I know kids her age who do, I did. But my pious future Republican seems unscathed so far. And where it gets sticky for us is that I know people who are 420-friendly and are pretty open about it. My kid is pretty much zero tolerance, and so we've had to leave more than one social gathering in a hurry.

I would say the most important thing is to walk your talk. If you go to to the garage to pass pot around when the kids are "asleep", you may wanna rethink that. They're probably not gonna get approached by a dealer in a trenchcoat. It'll be at a sleepover, before school, hanging out with a close friend. My kid has been offered stuff by some of the sweetest kids with the nicest parents. So you do what ya can, then pray, chant or meditate.

ProtestMama--word! Not one single bit of the alcohol--or other--use/abuse that occurred during my teens involved the proverbial "pusher" or the dealer-in-the-trenchcoat you refer to. It was all busting into (or just casually opening)someone's parents' liquor cabinet, or sneaking into older sib's or parents' stash, or getting some older sib to buy beer or do a liquor store run. Or the joint being passed into the backseat by the parent driving us home from the movies (true story) like it was the same as offering a stick from a pack of gum. All of us scholar-athlete-clean-cut-preppy-kids didn't even have to go outside our snotty little circle to buy from the "heads" that cut class and hung out in the park.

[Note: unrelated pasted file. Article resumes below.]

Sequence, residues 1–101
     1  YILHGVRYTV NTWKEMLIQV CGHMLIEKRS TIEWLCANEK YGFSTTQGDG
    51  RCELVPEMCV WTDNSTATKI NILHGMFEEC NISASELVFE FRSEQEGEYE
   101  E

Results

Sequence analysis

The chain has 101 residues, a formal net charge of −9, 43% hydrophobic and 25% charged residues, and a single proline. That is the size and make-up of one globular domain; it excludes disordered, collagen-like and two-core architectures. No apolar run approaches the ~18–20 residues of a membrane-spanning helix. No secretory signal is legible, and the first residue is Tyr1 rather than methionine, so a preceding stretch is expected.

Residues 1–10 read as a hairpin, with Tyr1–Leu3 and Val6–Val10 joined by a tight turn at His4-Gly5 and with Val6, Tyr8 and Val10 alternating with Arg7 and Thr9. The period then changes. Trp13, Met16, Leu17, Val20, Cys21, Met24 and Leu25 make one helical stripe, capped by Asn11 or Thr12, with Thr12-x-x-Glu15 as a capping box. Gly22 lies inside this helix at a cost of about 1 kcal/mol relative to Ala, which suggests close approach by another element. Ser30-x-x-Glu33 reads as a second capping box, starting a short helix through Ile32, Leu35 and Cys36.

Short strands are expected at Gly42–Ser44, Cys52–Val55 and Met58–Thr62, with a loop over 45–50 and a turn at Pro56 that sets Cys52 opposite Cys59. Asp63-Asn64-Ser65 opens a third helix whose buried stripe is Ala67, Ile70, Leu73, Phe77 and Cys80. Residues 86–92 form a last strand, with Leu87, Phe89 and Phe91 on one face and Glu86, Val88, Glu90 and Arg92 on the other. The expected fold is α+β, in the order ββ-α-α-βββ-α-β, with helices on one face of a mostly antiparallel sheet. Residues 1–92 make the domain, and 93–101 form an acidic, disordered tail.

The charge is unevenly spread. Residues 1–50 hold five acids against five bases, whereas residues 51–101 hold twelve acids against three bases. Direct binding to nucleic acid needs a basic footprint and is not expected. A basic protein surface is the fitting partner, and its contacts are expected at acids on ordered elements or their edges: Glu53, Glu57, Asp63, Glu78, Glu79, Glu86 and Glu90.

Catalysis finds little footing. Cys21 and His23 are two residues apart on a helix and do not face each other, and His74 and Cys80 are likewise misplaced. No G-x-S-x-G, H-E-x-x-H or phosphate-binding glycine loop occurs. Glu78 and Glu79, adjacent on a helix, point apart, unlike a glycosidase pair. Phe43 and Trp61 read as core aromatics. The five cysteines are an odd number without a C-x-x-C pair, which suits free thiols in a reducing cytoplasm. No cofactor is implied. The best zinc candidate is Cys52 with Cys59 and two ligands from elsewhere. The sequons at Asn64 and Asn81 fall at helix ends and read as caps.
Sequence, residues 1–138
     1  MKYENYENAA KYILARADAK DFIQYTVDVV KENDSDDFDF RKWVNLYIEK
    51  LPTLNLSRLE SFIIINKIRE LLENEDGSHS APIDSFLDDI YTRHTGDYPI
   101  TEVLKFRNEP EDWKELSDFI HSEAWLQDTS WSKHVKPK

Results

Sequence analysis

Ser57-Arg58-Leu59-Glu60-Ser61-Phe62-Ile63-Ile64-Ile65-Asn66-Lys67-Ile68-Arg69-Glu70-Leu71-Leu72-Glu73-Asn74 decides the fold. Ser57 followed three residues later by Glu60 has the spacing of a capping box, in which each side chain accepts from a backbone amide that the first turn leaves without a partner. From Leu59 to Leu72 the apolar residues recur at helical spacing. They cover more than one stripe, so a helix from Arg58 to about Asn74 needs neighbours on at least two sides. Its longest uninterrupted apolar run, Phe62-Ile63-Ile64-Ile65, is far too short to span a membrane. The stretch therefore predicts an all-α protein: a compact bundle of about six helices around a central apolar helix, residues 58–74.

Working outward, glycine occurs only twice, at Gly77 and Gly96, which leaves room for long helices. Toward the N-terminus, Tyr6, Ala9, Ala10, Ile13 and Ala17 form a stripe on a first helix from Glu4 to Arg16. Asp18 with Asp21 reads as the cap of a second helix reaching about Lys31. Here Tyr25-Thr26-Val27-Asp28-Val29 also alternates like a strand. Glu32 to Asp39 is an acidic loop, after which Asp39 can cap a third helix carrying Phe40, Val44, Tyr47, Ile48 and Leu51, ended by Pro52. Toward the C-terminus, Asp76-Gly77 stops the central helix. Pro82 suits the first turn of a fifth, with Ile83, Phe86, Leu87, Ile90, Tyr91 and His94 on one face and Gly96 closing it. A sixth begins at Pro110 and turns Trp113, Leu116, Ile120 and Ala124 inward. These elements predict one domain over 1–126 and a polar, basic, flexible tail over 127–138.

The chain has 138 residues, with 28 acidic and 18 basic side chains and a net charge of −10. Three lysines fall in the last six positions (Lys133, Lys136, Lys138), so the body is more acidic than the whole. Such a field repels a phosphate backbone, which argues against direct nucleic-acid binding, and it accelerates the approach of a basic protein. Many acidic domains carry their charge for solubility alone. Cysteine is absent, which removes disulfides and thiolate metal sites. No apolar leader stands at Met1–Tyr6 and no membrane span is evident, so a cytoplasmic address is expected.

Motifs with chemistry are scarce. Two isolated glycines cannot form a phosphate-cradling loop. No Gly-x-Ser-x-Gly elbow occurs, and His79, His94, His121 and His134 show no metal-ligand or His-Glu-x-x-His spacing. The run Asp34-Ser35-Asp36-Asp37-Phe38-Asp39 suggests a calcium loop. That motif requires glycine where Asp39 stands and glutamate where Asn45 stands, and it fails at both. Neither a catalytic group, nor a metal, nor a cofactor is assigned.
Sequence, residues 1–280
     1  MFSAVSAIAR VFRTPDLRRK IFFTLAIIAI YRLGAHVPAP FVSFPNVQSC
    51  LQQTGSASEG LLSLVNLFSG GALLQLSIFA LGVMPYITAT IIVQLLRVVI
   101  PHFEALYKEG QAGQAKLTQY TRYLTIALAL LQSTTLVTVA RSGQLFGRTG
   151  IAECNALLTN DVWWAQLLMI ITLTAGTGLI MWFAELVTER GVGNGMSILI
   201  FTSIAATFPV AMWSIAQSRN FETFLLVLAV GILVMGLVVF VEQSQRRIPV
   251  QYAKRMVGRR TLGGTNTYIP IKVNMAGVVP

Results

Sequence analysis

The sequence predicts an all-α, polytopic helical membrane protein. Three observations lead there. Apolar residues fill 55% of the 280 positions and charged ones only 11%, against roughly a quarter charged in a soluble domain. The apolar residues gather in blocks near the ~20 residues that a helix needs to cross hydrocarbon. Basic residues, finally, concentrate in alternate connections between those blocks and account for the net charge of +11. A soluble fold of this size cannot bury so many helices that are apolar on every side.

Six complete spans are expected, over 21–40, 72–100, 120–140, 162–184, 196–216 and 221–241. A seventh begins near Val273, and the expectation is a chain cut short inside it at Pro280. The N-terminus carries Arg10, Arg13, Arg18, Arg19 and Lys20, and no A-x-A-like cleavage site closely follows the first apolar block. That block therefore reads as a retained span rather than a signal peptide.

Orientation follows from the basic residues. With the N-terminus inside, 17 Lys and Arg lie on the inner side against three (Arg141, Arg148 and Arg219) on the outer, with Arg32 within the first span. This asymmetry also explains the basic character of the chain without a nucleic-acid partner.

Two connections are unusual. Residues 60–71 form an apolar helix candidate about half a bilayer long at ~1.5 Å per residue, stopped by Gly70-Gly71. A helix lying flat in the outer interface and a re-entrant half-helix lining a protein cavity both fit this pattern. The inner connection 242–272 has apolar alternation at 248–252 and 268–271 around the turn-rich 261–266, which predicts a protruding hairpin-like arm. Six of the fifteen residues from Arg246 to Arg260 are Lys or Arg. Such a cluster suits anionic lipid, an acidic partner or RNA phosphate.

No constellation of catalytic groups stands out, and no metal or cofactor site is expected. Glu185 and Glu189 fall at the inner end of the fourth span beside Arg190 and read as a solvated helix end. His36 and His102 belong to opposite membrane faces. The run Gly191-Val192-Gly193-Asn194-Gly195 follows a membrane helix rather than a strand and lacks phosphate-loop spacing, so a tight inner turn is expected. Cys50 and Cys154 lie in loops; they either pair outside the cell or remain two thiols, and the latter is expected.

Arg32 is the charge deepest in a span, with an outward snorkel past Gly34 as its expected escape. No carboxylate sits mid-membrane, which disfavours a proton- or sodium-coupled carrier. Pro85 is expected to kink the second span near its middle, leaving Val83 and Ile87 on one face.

The message has GOT to go beyond "just say no". They need to know why they are saying no and what the consequences could be if they say "yes".

My kids (5 and 3) and I talk a fair amount about their dad's nicotine addiction, in what I hope is a low-key way emphasizing concern for his health. They know that the answer to, "What's the best way to quit smoking?" is "NEVER START!"

But we haven't talked other drugs yet. Not sure how to go there in a natural way, and of course I yearn to believe that this is all about choices that are a long, long, long way off. (Yeah, right.)

The comments to this entry are closed.